Air duct cleaning is essential. Make sure the inside of your ductwork is clean. Many homeowners replace the air handlers but leave the ductwork in place. Over time, dust, dirt, and mold accumulate in the ducts. These contaminants become entrained in the airflow and are distributed into the room air when the unit is on. Disconnect a supply branch from the main supply trunk immediately downstream from the air handler, and evaluate levels of dust, dirt, and mold inside your the trunk. Using a HEPA filter vacuum cleaner, vacuum the interior surfaces of the trunk to reduced levels of dust/dirt, and mold. Take care not to damage any fiberglass duct liner.
Air Duct Cleaning
Part 1 – Special Provisions
1.01 Qualification of the HVAC System Cleaning Contractor
(A) Membership: The HVAC system cleaning contractor shall be a member of the National Air Duct Cleaners Association (NADCA).
(B) Certification: The HVAC system cleaning contractor shall have a minimum of one (1) Air System Cleaning specialist (ASCS) certified by NADCA on a full time basis.
(C) Experience: The HVAC system cleaning contractor shall submit records of experience in the field of HVAC system cleaning as requested by the owner. Bids shall only be considered from firms that are regularly engaged in commercial HVAC system maintenance with the emphasis on commercial HVAC system cleaning and decontamination.
(D) Equipment, Materials and Labor: The HVAC system air duct cleaning contractor shall possess and furnish all necessary equipment, materials and labor to adequately perform the specified services.
1. The Contractor shall assure that its employees have received safety equipment training, medical surveillance programs, individual health protection measures, and manufacturer’s product and material safety data sheets (MSDS) as required for the work by the U.S. Occupational Safety and Health Administration, and as described by this specification.
2. The contractor shall maintain a copy of all current MSDS documentation and safety certifications at the site at all times, as well as comply with all other site documentation requirements of applicable OSHA programs and this specification.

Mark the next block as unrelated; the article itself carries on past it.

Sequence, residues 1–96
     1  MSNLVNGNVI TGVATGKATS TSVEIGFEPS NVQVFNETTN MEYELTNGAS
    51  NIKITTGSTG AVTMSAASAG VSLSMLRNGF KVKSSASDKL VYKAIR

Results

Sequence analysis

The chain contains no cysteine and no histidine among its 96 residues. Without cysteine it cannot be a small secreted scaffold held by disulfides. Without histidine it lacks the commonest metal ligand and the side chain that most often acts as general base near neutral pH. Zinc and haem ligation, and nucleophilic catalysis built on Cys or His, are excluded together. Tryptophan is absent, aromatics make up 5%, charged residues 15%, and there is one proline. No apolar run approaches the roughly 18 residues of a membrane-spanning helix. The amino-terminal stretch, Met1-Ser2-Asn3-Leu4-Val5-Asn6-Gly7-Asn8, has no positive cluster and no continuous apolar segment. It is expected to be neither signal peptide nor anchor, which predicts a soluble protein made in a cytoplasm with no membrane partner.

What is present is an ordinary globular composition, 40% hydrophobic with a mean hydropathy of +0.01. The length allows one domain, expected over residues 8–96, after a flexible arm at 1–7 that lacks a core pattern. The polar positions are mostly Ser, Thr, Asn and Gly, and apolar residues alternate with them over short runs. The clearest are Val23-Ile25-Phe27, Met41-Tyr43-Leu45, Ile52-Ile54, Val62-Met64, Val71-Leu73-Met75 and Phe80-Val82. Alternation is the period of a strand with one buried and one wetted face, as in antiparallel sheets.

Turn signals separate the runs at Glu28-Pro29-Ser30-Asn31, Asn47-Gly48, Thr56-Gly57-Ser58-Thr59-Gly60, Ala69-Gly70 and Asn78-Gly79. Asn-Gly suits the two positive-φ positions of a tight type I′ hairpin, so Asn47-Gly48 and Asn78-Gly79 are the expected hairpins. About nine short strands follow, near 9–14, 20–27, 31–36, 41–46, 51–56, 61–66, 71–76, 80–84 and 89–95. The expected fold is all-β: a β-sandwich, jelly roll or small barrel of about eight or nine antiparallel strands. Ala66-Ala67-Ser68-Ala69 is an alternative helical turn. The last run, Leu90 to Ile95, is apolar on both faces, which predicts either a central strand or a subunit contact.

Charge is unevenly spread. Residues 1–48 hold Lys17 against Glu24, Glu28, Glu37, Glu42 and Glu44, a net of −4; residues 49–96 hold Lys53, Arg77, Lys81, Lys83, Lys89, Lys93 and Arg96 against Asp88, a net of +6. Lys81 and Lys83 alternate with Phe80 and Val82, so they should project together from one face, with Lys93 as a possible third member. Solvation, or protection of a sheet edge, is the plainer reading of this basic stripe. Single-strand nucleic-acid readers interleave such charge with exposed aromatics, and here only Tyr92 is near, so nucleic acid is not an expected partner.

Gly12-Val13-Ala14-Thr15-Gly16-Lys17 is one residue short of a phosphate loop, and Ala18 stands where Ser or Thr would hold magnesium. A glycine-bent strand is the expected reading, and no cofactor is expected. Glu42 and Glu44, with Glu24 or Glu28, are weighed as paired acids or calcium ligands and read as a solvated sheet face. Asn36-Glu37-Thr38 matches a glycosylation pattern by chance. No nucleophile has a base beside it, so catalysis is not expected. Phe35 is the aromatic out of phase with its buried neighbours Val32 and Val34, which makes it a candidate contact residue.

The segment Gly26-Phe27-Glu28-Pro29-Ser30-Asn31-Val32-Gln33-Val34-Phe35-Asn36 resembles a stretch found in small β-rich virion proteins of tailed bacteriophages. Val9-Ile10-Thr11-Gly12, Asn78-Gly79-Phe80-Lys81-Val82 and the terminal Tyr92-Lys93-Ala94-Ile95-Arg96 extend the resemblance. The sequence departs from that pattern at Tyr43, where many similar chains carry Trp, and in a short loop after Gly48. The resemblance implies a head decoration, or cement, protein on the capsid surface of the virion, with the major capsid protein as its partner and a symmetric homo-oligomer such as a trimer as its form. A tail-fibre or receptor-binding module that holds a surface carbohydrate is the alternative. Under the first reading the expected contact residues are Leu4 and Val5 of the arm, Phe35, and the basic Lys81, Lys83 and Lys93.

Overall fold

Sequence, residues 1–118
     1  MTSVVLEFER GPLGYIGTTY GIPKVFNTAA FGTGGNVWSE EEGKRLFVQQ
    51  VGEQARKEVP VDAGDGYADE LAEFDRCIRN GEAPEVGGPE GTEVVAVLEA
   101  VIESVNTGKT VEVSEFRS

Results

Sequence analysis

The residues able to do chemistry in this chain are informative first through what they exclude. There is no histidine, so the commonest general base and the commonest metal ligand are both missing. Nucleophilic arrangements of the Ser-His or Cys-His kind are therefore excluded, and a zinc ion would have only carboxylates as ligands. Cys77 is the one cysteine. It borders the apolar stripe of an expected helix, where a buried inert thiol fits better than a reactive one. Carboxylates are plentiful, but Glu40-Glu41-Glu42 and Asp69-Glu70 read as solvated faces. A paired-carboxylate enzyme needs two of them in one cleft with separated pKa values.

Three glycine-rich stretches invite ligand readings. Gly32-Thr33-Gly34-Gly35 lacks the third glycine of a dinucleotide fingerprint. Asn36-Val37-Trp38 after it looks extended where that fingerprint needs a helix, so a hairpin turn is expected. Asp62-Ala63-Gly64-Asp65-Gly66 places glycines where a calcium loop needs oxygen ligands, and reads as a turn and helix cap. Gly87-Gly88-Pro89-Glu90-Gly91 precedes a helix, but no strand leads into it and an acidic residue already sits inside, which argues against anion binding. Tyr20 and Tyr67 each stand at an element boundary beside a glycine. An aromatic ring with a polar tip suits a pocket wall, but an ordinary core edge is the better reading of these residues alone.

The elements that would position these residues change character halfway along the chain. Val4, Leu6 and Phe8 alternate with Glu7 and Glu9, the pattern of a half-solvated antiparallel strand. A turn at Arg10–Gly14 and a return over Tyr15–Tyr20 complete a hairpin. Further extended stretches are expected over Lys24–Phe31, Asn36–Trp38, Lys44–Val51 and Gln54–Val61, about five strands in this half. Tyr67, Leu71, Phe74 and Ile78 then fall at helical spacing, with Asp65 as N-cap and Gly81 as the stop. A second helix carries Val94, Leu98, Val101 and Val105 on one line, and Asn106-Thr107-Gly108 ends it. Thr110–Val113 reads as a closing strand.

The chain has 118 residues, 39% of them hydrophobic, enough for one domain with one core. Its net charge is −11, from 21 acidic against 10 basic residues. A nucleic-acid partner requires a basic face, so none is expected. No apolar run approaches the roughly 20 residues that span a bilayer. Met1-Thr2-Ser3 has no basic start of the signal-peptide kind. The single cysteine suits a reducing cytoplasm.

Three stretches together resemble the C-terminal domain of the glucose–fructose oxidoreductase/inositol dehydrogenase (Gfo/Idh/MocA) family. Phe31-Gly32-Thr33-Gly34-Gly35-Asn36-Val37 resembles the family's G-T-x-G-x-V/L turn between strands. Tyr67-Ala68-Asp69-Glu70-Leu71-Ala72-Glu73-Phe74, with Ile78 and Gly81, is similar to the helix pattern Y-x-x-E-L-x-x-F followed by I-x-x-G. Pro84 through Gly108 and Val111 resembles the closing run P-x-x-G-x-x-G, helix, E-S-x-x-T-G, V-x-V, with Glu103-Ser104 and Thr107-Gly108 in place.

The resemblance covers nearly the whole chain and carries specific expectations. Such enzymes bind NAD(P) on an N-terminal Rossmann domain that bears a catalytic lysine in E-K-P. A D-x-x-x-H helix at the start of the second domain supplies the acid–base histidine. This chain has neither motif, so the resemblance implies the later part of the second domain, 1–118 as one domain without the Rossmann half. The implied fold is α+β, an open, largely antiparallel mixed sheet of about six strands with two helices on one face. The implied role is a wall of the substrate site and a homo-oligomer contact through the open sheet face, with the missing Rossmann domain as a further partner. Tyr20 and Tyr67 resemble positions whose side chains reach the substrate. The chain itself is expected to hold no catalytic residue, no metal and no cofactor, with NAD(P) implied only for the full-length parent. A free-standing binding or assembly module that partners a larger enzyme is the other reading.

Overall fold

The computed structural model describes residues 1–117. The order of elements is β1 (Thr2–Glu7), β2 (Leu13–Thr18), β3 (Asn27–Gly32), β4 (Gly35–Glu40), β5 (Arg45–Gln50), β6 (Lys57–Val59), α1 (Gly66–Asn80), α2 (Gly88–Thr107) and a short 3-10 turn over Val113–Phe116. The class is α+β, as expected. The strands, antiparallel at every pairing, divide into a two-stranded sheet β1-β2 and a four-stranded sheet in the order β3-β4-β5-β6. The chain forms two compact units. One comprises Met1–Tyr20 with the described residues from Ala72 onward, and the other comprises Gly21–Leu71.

3. Contractor shall submit to the owner all Material Safety Data Sheets (MSDS) for all chemical products proposed to be used in the cleaning process.
1. Pre-manufactured sheet metal service panels that are cross broke, hemmed, predrilled and gasketed.
2. Pre-manufactured service panels (same as above) with liner.
3. Pre-manufactured access door with locking seal.
4. Caulk: Use a silicone based product specifically rated for sealing ductwork.
5. Chemicals for cleaning coils, dampers and fans.
6. Chemicals for biocide/sanitizing treatments.
7. Repair coating designed specifically for mechanical insulation. This repair coating shall not affect thermal or acoustical properties of the insulation, must meet NFPA Std. 90A and 90B, must meet State of Washington’s TVOC requirements, must have anti-microbial agent that meets the microbiological testing standards of UL181, ASTM C1071, ASTM G21, ASTM G22.
8. IMCOA-an expanded, closed cell, polyolefin type liner used to replace damaged mechanical insulation in Air-handling units, Rooftop units and other areas.
(F) Licensing: The HVAC system cleaning contractor shall provide proof of maintaining the proper license(s), if any, as required to do work in this state and/or cities. Contractor shall comply will all Federal, state and local rules, regulations, and licensing requirements.
(A)NADCA Standards: The HVAC system cleaning contractor shall perform the services specified here in accordance with the current published standards of the National Air Duct Cleaners Association (NADCA).
1. All terms in this specification shall have their meaning defined as stated in the the NADCA Standards.
2. NADCA Standards must be followed with no modifications or deviations being allowed.
(A) Mechanical Drawings: The owner shall provide the HVAC system cleaning contractor with one copy of the following documents:
1. Project drawings and specifications.
2. Approved construction revisions pertaining to the HVAC system.
3. Any existing indoor air quality (IAQ) assessments or environmental reports prepared for the facility.
The following current standards and publications of the
issues currently in effect form a part of this specification to the extent indicated by any reference thereto:
(A) National Air Duct Cleaners Association (NADCA): “ACR-2005, Assessment, Cleaning &
Restoration of HVAC Systems,” 2001.
(B) National Air Duct Cleaners Association (NADCA): “Understanding Microbial
Contamination in HVAC Systems,” 1996.
(C) National Air Duct Cleaners Association (NADCA): “Introduction to HVAC System
Cleaning Services,” 2002.
(D) National Air Duct Cleaners Association (NADCA): Standard 05 “Requirements for the
Installation of Service Openings in HVAC Systems,” 1997.
(E) Underwriters’ Laboratories (UL): UL Standard 181.
(F) American Society of Heating, Refrigeration and Air Conditioning Engineers (ASHRAE):
Standard 62-89, “Ventilation for Acceptable Indoor Air Quality”.
(G) Environmental Protection Agency (EPA): “Building Air Quality,” December 1991.
(H) Sheet Metal and Air Conditioning Contractors’ National Association (SMACNA):
“HVAC Duct Construction Standards – Metal and Flexible,” 1985.
(I) North American Insulation Manufacturers Association (NAIMA): “Cleaning Fibrous
Glass Insulated Air Duct Systems,” 1993.